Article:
Graduate Scholarships are awarded to eligible students seeking a graduate degree in a masters or doctoral program in business, psychology, human resources, organizational development, or have been accepted to begin studies within six months. Applicants must be current SHRM members, attending an accredited institution of higher learning, with a cumulative GPA of at least 3.0 on a 4.0 scale. Winners receive an award of $5,000. Learn more at shrmfoundation.org/scholarships
Undergraduate Scholarships are awarded to eligible students seeking an undergraduate degree in business, psychology, human resources or organizational management. Applicants must be current SHRM members, attending an accredited institution of higher learning, with a cumulative GPA of at least 3.0 on a 4.0 scale. Winners receive an award of $2,500. Learn more at shrmfoundation.org/scholarships
SCHOLARSHIP DEADLINE: October 10, 2017
MediaWorks 2017 presented by CMG Ohio is a free expo that provides the latest marketing information necessary for today's business owner to stay competitive in the greater Ohio area.
The FREE, interactive marketing expo will be running for 5 days at Cox Media Group Ohio, 1611 S Main St, Dayton, Ohio from Monday, September 18 through to Friday, September 22, 2017.
In just one 45-minute seminar, you'll learn how easy and affordable it is to attract new customers and increase sales by advertising in Ohio’s most influential Cox Media Group brands. See our strictly limited expo-only offers.
Who should attend?
Business owners/managers and marketing executives. Many organizations, particularly small to medium businesses, think CMG Ohio prestige brands are out of their marketing reach and budget. MediaWorks is designed to introduce these businesses to the extraordinary power of TV, Radio, Print and Digital through CMG Ohio at an affordable investment.
At the show, you'll have access to CMG Ohio’s exclusive multi media advertising packages that suit different business sizes and marketing budgets.
Utilize the proven marketing strategies that CMG Ohio’s most successful advertisers have learned.
This FREE expo is a fantastic opportunity. You will be introduced to one of our experienced marketing executives for a one-on-one consultation to discuss your business and marketing goals. They will explain how MediaWorks can help you achieve those goals through advertising.
Benefits of the Program
Learn the proven marketing strategies used by Dayton’s most successful advertisers. See how simple it is to reach the consumers you want and stay ahead of your competition. Growing your business through advertising has never been easier or more affordable with our range of amazing expo-only packages where all the work is done for you.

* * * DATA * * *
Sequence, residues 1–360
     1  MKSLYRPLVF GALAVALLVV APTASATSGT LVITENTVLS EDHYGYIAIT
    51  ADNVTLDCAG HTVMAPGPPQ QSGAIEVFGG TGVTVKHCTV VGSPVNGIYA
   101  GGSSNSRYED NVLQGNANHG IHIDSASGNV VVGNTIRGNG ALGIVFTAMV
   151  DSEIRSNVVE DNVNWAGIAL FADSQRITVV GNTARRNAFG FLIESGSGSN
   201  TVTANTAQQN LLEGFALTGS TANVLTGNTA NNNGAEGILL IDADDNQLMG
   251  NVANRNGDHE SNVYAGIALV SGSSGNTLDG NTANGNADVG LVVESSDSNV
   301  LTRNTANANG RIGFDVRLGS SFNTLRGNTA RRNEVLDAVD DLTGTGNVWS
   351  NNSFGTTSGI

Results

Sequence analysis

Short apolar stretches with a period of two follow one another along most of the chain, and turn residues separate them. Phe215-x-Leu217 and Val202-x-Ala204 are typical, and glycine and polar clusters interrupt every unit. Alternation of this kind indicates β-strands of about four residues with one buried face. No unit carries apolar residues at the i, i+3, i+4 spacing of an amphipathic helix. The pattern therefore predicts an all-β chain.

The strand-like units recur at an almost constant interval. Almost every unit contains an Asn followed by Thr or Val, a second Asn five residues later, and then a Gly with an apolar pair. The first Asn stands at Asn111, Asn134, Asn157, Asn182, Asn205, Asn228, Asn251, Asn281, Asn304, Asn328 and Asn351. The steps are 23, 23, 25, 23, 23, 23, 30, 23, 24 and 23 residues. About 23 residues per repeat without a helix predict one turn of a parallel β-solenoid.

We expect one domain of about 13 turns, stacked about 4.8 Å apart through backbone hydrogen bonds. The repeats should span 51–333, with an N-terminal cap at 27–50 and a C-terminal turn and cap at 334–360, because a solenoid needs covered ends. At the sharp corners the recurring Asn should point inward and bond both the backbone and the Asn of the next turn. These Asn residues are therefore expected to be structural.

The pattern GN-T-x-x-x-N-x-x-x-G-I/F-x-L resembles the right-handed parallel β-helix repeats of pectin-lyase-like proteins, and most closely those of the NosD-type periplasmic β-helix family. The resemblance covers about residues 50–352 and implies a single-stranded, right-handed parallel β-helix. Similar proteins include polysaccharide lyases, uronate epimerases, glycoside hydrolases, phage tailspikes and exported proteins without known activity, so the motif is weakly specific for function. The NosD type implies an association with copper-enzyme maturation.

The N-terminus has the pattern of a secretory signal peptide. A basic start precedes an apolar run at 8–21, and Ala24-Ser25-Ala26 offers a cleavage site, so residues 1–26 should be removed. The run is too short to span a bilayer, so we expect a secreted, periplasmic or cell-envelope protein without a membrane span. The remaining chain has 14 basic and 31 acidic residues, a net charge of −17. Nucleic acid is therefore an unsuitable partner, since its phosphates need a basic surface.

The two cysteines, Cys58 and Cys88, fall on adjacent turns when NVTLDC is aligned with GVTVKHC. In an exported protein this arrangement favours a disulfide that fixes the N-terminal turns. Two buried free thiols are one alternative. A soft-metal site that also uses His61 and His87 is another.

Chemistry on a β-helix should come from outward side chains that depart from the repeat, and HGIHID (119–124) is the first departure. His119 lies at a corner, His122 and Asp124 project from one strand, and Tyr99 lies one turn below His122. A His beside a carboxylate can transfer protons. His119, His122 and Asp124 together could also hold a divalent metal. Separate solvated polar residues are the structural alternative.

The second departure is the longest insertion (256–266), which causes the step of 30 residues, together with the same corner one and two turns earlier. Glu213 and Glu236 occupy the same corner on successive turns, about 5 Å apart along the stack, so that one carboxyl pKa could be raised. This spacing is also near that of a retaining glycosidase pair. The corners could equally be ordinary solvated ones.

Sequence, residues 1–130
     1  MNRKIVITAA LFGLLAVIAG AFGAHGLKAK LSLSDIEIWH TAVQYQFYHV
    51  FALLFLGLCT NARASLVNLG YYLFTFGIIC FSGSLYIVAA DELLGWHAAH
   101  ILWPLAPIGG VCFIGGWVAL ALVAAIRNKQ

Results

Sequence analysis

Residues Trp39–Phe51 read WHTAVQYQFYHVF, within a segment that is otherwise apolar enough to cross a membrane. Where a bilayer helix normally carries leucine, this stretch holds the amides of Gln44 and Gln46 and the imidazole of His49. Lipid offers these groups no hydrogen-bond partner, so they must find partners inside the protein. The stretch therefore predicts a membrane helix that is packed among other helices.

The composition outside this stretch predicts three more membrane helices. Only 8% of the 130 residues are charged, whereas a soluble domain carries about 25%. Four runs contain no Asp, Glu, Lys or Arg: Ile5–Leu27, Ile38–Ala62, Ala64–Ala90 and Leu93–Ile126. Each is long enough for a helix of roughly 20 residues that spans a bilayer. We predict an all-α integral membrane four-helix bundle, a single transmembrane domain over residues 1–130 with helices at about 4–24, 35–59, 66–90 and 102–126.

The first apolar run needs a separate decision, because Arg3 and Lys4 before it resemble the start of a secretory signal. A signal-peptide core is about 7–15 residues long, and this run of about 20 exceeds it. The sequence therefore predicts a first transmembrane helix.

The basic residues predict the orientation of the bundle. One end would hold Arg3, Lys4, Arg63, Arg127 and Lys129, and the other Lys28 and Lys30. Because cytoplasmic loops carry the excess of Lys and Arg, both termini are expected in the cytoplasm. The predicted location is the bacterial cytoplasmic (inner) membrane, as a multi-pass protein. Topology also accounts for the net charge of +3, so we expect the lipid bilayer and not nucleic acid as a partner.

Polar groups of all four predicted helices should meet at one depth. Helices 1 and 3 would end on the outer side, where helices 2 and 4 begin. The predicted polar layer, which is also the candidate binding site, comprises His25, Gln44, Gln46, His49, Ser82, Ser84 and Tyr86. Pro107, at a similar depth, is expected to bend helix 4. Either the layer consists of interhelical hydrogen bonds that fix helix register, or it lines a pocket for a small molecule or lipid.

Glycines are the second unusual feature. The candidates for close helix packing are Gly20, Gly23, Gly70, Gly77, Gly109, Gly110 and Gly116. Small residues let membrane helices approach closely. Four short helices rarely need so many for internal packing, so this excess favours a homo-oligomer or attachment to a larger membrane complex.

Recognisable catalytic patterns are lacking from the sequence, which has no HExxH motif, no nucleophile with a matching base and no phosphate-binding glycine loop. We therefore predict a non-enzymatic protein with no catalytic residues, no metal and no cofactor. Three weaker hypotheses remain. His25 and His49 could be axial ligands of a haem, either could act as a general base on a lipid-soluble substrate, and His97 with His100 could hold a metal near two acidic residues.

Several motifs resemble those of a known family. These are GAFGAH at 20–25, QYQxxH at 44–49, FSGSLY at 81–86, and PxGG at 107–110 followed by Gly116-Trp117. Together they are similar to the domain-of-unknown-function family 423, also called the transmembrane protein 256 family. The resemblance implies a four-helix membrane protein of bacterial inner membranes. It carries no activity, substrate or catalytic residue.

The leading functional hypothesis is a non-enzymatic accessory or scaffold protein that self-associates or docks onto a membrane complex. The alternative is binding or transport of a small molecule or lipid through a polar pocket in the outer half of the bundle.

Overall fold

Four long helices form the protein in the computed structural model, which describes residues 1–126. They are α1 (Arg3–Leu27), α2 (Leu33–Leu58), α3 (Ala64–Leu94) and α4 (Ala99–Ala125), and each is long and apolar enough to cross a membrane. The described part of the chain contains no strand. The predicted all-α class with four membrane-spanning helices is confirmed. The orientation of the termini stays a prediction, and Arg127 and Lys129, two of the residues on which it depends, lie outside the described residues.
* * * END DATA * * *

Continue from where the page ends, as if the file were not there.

Our team of experts will be on hand to advise you on the right advertising package for your business. Meet our creative team who will design, write and produce your advertisements for these special campaigns for FREE and talk to digital experts about your website and search marketing.
Locations & Sessions
Cox Media Group Ohio
Six convenient daily sessions: 09:30 a.m., 11:00 a.m., 12:30 p.m., 02:00 p.m., 03:30 p.m., 05:00 p.m.
2017 SHRM Certification (SHRM-CP/SHRM-SCP) Scholarships
The SHRM Foundation will award 220 certification scholarships -- $750 for the SHRM Certification exam and/or preparation (SHRM-CP or SHRM-SCP). The next scholarship application deadline is October 10, 2017.
Upcoming MVHRA Meetings and Events
Workshop: Basics: Tips and Traps for HR Supervisors by Virginia Hegwood, Virginia Hegwood, LLC
Luncheon: Leading at All Levels by Lisa Kappesser, EQ Coaching Solutions LLC and Bob McEwan, Management, Consulting, LLC
Webinar: Reignite Your Talent Sourcing Strategy: Create a Data Driven Function by Bill Neese, Paycor
Workshop: Legal Update: Workplace Issues in Changing Times by Matthew Bakota, Auman Mahan & Furry
Luncheon: Understanding Emotional Intelligence
Luncheon: Motivation, Inspiration and Manipulation: The Intersection Between Workplace Conflict and Workplace Culture by Judson Laipply, Award-Winning Speaker and Inspirational Comedian
Please note: Professional Development Workshops are 7:45am – 11:15am and Luncheons are 11:15am – 1:00pm
Topics and speakers are subject to change depending on speaker availability.
All programs have been preapproved for SHRM and HRCI recertification.